Plant Sex: Dioeceous and Monoeceous Reproduction
Sex, as it turns out, is extremely important to the fitness of a species, even many plants.
Life evolved in the oceans and stayed there - nothing bigger than a bacterium - for a couple of billion years. Slowly, life developed complex metabolic pathways, cellular anatomy, and organelles such as nuclei that would eventually allow production of large specialized cells. Ages later, cells banded together into multicellular forms and, by half a billion years ago, produced individuals with billions of cells and separate lives. Sex could no longer occur simply by tickling a nearby cell.
The key to gene exchange between multicellular individuals is haploid sex cells, each with just half the adult DNA. They form gametes, sex cells that can fuse with an opposite type. Ours are called eggs and sperm. In the sea, haploid gametes produced by adults simply float away. Nearly all are quickly eaten, so it’s all a numbers game. When male and female gametes meet by chance, a tiny embryo begins to grow.
Deep in the Carboniferous Era, 300 million years ago, vast swamps, bogs, and soupy bays teemed with life. Tall spreading tree-ferns, newt-like amphibians the size of crocodiles, and dragonflies bigger than gulls released gametes into the water as their ocean ancestors had done. Some gametes fused and grew, creating babies. These days fish, frogs, and some water plants still do it that way.
Plants began to colonize in a far harsher environment about 270 million years ago with multiple challenges to reproduction. Dry land offered huge opportunities for those who could survive its rigors—but, how were they going to get those haploid cells to meet up?
How Land Plants Get It Done
Evolution is infinitely creative, given enough time. The simplest solution for plants was to let the wind carry away lightweight haploid cells—aka pollen—that just might find a female sex cell clinging to a twig or bract somewhere. The gymnosperms (“naked seed” in Greek), including primitive gingkoes and cycads, plus pines, firs, and their relatives, were the first to use the wind to carry pollen on a massive scale.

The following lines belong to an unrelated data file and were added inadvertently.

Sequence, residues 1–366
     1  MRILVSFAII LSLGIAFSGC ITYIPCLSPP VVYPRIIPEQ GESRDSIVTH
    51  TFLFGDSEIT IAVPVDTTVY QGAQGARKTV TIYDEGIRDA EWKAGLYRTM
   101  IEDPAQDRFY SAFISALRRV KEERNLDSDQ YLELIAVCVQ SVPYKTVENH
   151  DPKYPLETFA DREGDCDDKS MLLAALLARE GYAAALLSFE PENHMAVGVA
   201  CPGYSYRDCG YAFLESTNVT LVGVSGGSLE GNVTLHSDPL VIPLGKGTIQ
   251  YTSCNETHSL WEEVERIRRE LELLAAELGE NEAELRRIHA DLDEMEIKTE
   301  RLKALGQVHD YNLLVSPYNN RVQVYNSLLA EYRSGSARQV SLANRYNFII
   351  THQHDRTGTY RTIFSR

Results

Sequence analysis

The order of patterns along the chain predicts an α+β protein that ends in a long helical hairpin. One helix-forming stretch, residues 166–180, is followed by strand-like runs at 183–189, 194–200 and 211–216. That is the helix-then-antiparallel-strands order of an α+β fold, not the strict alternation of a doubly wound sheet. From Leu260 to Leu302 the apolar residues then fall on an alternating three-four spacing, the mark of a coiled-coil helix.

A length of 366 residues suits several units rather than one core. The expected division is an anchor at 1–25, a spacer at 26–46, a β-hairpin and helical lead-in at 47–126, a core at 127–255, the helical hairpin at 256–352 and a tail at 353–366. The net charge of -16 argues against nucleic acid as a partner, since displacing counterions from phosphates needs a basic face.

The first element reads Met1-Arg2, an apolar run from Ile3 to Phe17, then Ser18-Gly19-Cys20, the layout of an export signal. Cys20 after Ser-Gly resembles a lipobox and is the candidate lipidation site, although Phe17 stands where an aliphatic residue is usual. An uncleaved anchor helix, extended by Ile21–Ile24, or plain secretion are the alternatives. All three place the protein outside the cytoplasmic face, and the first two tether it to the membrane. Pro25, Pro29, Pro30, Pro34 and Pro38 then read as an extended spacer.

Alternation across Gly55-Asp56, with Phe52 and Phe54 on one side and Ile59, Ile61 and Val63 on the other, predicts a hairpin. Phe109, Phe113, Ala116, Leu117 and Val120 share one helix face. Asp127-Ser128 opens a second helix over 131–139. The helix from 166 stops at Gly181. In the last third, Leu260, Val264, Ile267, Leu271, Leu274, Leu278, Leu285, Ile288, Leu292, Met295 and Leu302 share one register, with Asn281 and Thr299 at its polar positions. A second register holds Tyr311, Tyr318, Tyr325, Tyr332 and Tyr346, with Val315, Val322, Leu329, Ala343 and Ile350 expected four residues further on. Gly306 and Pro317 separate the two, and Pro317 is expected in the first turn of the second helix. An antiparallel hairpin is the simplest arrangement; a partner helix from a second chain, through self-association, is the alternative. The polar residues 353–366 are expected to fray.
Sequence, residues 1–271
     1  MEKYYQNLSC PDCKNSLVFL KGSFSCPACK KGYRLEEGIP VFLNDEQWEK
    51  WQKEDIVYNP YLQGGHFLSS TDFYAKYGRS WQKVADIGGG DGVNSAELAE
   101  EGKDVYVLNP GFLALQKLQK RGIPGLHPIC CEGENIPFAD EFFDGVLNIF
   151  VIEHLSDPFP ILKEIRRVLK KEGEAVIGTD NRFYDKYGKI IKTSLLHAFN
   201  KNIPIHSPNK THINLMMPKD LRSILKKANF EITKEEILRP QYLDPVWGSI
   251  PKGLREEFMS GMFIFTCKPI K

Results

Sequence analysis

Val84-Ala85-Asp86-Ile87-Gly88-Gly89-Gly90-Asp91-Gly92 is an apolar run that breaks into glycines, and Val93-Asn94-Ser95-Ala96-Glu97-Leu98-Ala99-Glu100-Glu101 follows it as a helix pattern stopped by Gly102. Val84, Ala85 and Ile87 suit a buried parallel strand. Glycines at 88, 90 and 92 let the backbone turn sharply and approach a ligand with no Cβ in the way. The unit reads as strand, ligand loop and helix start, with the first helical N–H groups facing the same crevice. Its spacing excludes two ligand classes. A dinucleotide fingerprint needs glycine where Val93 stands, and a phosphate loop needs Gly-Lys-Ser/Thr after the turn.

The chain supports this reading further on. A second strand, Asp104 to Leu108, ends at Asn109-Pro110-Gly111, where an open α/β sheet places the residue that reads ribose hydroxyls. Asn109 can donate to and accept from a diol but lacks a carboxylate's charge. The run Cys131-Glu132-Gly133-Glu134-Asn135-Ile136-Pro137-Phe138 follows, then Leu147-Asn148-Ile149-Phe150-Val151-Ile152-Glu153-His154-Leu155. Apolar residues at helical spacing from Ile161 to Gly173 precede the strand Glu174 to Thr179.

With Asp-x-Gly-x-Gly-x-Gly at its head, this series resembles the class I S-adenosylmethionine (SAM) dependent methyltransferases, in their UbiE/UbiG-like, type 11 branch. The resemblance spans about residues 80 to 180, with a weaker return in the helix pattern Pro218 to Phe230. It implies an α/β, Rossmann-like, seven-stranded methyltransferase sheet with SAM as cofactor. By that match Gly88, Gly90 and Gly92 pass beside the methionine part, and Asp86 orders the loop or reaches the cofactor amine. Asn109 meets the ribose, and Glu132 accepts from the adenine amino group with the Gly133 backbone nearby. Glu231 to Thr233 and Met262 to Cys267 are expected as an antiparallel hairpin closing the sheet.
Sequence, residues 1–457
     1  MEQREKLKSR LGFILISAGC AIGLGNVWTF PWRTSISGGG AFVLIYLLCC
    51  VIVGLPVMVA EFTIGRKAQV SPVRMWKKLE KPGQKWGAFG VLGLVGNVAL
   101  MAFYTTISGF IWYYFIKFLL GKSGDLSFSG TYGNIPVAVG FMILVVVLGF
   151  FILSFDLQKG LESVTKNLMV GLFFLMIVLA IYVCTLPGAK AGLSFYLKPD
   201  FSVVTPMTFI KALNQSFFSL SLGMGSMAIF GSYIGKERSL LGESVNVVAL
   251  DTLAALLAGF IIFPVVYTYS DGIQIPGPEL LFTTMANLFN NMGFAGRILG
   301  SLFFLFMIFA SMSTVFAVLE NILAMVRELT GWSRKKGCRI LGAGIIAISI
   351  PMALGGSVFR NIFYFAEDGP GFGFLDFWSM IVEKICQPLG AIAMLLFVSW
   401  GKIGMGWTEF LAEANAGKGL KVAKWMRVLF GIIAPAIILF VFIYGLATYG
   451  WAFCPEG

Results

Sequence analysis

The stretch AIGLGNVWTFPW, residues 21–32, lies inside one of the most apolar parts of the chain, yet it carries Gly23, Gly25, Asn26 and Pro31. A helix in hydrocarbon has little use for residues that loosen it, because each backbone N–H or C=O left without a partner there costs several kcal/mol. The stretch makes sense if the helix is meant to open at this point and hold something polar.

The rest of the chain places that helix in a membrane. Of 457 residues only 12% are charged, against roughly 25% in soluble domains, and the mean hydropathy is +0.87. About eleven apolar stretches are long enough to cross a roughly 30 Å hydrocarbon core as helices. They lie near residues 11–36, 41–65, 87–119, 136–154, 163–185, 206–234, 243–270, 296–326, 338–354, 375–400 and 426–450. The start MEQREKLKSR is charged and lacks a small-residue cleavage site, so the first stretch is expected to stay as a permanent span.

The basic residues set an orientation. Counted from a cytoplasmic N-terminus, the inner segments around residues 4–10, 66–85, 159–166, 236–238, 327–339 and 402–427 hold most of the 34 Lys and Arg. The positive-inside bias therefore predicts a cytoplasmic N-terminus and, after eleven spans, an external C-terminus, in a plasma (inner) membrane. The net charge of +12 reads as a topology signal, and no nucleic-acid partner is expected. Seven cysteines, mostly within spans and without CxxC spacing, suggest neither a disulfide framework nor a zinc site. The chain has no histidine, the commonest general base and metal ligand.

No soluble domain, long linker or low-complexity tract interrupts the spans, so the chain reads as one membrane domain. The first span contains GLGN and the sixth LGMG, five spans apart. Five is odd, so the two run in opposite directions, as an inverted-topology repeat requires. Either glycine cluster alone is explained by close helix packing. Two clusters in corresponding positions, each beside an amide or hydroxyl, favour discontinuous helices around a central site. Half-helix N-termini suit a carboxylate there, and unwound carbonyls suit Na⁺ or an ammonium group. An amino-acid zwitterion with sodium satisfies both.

Many flowering plants still make use of air transport. Grasses produce tiny dangling flowers that wait for a warm, dry day to release vast numbers of pollen grains, as hay fever sufferers will confirm. But wind is chancy. And it’s not efficient in damp climates or sheltered locales.
Most of the flowering plants we see address the risks of chance with a more surefire solution. They invite an animal partner, most often an insect, to help fertilize the embryo. In fact, the whole reproductive purpose of lush and lovely flowers is to attract these willing workers in the plant sex game.
The pollinator visits the beckoning flower seeking nectar, inadvertently touching a male stamen covered with sticky pollen, then carries it to the next flower. With luck, a grain sticks to a female stigma atop a tall pistil in a flower of the same species. There, it sends down a tube through which new genes reach the ovule below. Around the growing seed, the ovary may swell to become a succulent fruit or berry, inviting another animal to enjoy a meal, carry away indigestible seeds, and defecate them in a new spot. Of course, manure helps young plants thrive.
Today, we delight in thousands of varieties of flowery sex organs, shining in the sun or shade. And we realize flowers exist almost entirely to attract bees, butterflies, wasps, flies, beetles, moths, bats, monkeys, lemurs, possums, rodents, hummingbirds, and others. Pollinators respond to aroma, color, patterns, and sweet nectar. To discourage nectar robbers such as ants, flowers create traps, clever protective structures, and diversionary tactics. It’s all about getting genes together, and those tantalizing blossoms use some unlikely tactics.
Charles Darwin was fascinated with the co-evolution of plants and their insect pollinators. In some cases, a single species of plant and a single species of insect are totally dependent on each other for successful reproduction. Three species of moth are the only pollinators of yuccas. And yucca moths can only lay eggs in a ripe yucca flower, where larvae hatch and feed entirely on that flower. Fig species each have their own species of wasp for pollination, while the wasps lay eggs only in their special figs.